Forget any overheads.

Forget the hi-hat (back up the snare mic a bit if you want more hat).

Keep some distance from the drums on toms and snare... like 3" or more.

Try to look down at the surface of the drum rather than miking across it's surface.

Use some sort of kick mic for the kick... don't try to be esoteric.

Keep the other mics simple, like SM-57s or MD-421s.

Forget that the word "noise gate" exists.

Pray that the drummer doesn't sing.


--
David Morgan (MAMS)
http://www.m-a-m-s DOT com
Morgan Audio Media Service
Dallas, Texas (214) 662-9901
_______________________________________
http://www.artisan-recordingstudio.com
Anonymous
July 22, 2005 4:10:21 PM

Archived from groups: rec.audio.pro (More info?)

> "Justin Ulysses Morse" <ulyssesnospam@rollmusic.com> wrote:.
> > I don't get it. You want to hear the guitar amp through the tom mikes,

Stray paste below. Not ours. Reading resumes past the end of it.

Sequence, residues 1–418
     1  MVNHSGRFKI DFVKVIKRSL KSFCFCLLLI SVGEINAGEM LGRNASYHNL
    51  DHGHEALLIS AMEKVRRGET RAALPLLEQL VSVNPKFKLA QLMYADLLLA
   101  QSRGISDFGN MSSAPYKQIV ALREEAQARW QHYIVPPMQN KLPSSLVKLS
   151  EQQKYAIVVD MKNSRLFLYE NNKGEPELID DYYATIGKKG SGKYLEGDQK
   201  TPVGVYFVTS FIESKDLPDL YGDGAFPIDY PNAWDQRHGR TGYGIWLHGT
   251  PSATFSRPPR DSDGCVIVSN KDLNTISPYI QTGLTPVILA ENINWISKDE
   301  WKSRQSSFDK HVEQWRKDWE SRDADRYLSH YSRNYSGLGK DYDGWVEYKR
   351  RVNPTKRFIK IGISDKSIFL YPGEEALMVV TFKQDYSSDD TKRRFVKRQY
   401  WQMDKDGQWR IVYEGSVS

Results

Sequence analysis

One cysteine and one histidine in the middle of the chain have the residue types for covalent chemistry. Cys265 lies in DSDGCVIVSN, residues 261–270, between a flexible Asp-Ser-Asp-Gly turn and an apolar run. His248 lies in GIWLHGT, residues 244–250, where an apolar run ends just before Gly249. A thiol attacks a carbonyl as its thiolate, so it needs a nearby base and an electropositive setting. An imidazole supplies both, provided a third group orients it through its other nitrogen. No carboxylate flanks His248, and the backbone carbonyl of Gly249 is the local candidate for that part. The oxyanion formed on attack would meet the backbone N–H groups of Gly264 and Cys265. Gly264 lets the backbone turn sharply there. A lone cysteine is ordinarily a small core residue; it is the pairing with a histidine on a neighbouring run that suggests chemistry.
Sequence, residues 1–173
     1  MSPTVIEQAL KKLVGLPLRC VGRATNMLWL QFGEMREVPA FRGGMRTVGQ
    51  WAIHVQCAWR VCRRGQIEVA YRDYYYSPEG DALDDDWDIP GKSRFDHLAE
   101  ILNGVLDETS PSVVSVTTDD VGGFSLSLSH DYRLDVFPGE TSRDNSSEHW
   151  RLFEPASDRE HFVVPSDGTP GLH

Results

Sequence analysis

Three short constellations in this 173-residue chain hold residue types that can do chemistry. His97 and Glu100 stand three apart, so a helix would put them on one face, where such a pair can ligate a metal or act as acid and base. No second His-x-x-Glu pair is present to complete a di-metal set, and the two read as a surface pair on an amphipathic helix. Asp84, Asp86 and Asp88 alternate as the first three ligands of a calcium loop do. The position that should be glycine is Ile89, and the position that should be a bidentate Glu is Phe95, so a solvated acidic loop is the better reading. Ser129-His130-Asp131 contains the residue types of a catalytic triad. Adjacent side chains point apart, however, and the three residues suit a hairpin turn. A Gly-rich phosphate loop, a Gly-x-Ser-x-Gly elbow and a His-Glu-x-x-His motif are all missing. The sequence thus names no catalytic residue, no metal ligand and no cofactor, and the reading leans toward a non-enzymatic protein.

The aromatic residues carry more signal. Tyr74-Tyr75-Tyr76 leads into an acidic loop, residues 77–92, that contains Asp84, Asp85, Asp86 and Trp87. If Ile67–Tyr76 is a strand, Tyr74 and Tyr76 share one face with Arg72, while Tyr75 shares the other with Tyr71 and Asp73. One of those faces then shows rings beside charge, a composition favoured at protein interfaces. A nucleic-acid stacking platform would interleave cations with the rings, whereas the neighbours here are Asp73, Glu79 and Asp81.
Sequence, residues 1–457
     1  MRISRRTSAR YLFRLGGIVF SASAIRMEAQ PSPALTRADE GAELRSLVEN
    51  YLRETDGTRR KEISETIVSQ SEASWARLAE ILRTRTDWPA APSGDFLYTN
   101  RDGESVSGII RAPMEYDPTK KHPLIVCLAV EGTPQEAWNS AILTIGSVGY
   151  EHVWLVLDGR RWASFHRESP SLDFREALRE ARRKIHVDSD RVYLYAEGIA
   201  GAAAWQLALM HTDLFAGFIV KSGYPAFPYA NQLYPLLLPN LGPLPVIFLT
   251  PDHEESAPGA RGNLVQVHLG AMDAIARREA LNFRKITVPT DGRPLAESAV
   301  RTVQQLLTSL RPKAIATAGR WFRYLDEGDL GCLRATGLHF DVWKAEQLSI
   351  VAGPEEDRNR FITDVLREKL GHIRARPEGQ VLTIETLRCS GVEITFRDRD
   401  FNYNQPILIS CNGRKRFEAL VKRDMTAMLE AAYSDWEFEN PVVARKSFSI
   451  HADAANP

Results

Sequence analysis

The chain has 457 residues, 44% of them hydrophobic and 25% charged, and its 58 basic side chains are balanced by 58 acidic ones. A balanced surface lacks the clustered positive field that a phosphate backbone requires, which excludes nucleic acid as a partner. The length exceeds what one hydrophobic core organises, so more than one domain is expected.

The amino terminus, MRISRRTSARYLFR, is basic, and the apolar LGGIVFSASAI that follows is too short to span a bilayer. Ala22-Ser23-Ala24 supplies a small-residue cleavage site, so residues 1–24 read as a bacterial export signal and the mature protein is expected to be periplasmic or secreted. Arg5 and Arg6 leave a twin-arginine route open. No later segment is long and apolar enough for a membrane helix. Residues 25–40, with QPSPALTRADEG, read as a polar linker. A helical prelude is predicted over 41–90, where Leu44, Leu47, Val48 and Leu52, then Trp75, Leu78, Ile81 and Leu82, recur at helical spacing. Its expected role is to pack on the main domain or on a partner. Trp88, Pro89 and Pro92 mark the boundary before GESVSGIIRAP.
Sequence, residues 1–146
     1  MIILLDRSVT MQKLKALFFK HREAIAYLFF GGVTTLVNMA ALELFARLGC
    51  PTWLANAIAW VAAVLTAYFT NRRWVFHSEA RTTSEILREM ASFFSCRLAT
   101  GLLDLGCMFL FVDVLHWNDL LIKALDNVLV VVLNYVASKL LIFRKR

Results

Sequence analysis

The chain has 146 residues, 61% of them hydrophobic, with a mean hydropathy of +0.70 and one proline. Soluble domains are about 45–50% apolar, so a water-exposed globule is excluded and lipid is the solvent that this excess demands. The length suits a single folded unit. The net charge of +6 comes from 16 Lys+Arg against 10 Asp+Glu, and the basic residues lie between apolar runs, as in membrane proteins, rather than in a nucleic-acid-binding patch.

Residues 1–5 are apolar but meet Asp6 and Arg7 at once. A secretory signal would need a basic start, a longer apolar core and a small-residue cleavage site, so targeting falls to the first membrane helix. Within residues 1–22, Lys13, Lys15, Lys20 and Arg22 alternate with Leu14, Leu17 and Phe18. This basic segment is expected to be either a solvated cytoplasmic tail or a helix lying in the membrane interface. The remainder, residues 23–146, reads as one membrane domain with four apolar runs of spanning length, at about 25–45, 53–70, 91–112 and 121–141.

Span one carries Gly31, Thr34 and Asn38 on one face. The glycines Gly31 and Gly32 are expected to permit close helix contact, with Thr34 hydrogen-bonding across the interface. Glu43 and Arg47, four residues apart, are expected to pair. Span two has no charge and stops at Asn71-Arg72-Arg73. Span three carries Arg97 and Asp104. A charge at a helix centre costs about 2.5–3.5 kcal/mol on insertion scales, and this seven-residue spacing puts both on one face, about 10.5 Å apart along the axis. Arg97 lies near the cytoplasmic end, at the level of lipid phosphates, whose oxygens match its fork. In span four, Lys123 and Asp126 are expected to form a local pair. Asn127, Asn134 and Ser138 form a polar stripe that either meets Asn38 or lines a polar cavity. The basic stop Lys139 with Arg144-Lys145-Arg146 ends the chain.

> > but only while the drummer is hitting the toms? And you want the
> > guitar bleed to change tone depending on what drummer is doing?

Zigakly <no@no.no> wrote:
> It's no different from gating toms in the studio. Cymbals ring through tom
> mics, but gating the toms is imperative, despite any disproportional
> bleeding. The previous poster talks about gating the overheads too, now
> that's a dubious notion.

It's a matter of preference and style. To me, NOT gating the toms is
imperative. For the sake of the tom sounds as much as to avoid
modulating the bleed.

> In the studio, maybe, but live, the more you have to work with in post the
> better. In the studio the drums don't start tracking until the drums are in
> the right spot for the room and the right mics are in the right spots.